I’ve been thinking a lot about this post. I wrote it last December, contemplating a time (an as yet undefined, hopefully very “future” time) when my congregation’s minister will leave our church.
That reflection was about living in peace with what you know will leave you, and about figuring out how to do the work required to live into a personal commitment to stay. And it was about realizing that building relationships with my fellow congregants, and then expanding the circle to make room for the stranger, was what mattered in both of these contexts.
Friends, all of that may be true. It probably is. It sounds good, anyway.
And yet, the joke’s on me. Note: when worrying about anticipated grief, consider also “denial”– it’s a treasonous thing, and its reversal packs a stunning wallop.
I hoped, last winter, that I was working on identifying and hanging onto what stays, and gracefully accepting the impending departure of what does not. Looking back at my collected work, what I think I’ve actually written is “How to lose a lot of what you thought you needed, including your money and possibly your mind, in 11 short months.”
These days my blog is showing up in Google searches from potential UU seminarians (halloo, there!), and in helpful response, I have considered writing an actual “how to” post, as a step-by-step list. (Step one: Tell the story of your life. Tell it again. Now again. When the person listening has either literally perished from boredom, or attempted to slap you senseless, proceed to the next step. Step two: Gather all of the financial resources you have available. Seriously, all of them; if you can liquidate some assets, even better. Place them in the center of a large circle. Light them on fire. Dance around them, singing “We are the flow, we are the ebb,” or another Pagan chant of your choice, while filling out form RSCC-6 detailing your financial plans for your future ministry. . . . )
I could go on from there, and I’m sure my fellow seminarians could, too . . . the thing is, it probably doesn’t matter. There is so much I didn’t know, consent I wasn’t informed enough to give, losses I wasn’t prepared to incur. Maybe a step-by-step list, even a silly one, would be a move in the right direction . . . but for many of us, I suspect it would change nothing. If the number one value were doing something that clearly made sense from the ouside, “rational” perspective, who in this time and place would prepare for a life of religious leadership?
No, this is a path for people who are drawn by something else, something so compelling that we’re willing to grope in the dark where needed or stretch a foot out toward a path that does not yet exist.
It takes much trust—so much trust—to keep moving forward when you can’t see where you’re going to put your feet next; in doing this, you will feel quite acutely the weight of what is riding on your every move. Because it’s not just about you. It never is. It’s lifelong friendship and the tiny fingerprints that have been born of it. It’s the ridges and contours of this place where we grew into a family.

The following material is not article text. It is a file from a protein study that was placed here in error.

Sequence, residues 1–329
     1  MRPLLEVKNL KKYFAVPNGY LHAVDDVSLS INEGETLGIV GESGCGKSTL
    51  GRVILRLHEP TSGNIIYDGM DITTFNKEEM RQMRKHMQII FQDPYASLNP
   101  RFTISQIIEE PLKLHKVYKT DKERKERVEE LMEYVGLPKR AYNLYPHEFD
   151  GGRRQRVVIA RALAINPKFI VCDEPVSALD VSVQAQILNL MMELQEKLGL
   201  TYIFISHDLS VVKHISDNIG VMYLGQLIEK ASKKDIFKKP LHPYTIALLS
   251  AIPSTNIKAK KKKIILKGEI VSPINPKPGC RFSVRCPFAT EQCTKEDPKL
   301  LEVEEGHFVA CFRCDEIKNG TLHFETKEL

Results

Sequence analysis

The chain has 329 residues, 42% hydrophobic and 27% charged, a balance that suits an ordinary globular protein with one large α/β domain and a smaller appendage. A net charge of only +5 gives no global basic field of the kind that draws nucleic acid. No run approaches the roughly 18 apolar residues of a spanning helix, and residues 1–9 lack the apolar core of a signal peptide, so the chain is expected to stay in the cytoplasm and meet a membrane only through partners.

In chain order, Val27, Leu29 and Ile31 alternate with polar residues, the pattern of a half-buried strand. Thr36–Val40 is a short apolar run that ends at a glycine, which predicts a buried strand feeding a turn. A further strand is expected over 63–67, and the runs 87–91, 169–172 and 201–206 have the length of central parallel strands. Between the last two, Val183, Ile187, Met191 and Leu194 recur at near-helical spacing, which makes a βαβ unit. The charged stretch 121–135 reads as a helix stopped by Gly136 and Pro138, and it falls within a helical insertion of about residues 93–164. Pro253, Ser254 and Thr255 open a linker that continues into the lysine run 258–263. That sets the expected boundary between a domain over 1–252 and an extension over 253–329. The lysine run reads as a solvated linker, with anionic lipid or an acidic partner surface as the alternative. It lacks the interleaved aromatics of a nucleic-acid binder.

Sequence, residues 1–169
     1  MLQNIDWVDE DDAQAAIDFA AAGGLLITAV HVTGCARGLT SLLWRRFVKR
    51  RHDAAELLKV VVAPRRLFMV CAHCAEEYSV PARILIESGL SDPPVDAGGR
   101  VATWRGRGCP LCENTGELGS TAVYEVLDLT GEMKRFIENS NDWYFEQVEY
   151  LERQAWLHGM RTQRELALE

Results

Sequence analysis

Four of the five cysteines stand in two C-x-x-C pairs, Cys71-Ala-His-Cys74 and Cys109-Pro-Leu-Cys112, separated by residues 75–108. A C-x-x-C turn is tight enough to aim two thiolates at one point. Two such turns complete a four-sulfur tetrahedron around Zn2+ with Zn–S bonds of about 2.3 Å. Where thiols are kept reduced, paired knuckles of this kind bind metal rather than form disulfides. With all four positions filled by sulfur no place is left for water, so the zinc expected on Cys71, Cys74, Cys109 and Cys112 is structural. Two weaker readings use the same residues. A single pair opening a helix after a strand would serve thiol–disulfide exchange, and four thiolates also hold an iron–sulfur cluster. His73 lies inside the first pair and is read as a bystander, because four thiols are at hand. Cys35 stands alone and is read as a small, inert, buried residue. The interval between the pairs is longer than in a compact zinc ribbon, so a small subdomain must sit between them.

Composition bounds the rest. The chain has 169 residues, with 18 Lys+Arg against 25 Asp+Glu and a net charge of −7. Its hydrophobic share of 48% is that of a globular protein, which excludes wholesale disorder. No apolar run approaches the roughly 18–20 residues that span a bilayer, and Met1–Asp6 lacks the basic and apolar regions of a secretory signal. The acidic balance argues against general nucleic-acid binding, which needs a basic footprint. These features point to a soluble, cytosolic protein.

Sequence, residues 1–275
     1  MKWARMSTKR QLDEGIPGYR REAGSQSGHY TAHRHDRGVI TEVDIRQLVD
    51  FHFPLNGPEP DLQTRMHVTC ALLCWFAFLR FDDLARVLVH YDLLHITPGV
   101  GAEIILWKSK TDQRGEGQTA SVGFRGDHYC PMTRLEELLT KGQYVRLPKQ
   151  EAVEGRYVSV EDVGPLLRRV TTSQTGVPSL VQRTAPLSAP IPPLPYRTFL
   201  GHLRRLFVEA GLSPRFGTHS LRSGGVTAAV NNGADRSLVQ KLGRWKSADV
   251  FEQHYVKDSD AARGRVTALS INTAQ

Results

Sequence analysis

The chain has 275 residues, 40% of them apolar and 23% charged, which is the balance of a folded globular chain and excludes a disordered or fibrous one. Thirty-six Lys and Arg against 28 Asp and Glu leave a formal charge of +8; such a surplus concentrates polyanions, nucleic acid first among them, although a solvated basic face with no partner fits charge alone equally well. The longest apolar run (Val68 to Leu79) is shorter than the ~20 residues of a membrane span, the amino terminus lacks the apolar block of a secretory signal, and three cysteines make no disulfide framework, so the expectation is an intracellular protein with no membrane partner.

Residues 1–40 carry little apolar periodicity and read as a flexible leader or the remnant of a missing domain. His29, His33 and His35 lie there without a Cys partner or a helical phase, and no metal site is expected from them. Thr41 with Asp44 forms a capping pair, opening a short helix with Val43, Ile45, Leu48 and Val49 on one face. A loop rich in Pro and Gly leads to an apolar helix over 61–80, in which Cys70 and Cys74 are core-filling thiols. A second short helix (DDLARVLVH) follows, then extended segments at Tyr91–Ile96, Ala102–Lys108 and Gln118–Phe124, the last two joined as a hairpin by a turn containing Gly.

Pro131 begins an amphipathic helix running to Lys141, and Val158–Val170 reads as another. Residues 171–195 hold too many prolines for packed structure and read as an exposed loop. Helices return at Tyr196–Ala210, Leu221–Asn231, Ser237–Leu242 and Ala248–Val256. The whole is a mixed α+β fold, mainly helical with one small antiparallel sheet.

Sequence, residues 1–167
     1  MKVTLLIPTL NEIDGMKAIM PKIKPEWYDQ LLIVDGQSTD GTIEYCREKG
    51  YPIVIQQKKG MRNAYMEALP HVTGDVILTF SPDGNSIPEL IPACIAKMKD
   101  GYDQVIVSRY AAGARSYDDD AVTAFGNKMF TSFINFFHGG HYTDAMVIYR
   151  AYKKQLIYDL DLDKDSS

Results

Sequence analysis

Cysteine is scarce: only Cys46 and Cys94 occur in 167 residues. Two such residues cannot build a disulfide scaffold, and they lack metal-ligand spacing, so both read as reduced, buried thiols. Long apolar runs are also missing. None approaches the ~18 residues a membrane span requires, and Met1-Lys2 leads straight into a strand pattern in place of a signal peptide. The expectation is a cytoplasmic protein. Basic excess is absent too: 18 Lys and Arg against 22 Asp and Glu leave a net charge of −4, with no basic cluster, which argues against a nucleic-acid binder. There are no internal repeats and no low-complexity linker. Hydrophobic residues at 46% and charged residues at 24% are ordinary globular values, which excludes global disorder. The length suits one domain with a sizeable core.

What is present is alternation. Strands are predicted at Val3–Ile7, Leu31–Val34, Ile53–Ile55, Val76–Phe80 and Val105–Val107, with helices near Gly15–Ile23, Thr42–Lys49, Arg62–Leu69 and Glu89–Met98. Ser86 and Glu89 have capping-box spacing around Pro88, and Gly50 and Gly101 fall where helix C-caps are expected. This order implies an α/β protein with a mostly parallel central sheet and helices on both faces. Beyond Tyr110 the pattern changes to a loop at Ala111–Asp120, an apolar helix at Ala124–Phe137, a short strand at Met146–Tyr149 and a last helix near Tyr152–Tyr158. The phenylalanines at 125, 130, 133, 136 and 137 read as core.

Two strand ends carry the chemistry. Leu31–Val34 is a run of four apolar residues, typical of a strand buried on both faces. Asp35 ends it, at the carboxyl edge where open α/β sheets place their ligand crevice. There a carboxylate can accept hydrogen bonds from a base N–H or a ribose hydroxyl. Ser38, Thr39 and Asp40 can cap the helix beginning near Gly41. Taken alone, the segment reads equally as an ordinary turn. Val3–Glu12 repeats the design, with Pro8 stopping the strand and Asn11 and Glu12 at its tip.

And, of course, this doesn’t stop with my family. Part of the path that is missing, or at least missing significant signage and guideposts, is in the saying goodbye to my home congregation.
There are a few recommendations here and some vague admonitions there, but really, we’re all just feeling our way through. Sometimes, I’m leading that feeling-out process; that can be more of an adventure than a person who hates awkwardness—hates it more even than raisins—can gracefully handle.
And I’m starting to wish, in this weird, in-between time, that I had a sign.
It should read:
I can’t be your friend
(and soon I can’t be your “friend,” either)
The time is coming when we will let all these things go.
But that time is not now. Not yet. So for now, I just grit my teeth through the awkwardness. For now, I just imagine saying goodbye. And the moment seems unthinkable. Huge. Unbelievably sad.
But then I realize: “huge” is not how goodbyes like this happen. I sit, lately, in the spaces that used to feel like home, the ones that for years have been comfortable like a favorite pair of jeans. And I notice that it doesn’t feel the same anymore, in subtle but definite ways. There is a gradual slipping away of some things, and, at the same time, a slow dawn of others.
There is truth here: this is how it will happen. This is how it will be. As an icicle melts, as a pathway is etched, as a child grows. Each new day is a goodbye, and a new arrival, as I gradually become someone else.
The one who will go.
And, then, someday . . . the one who lets go for a living.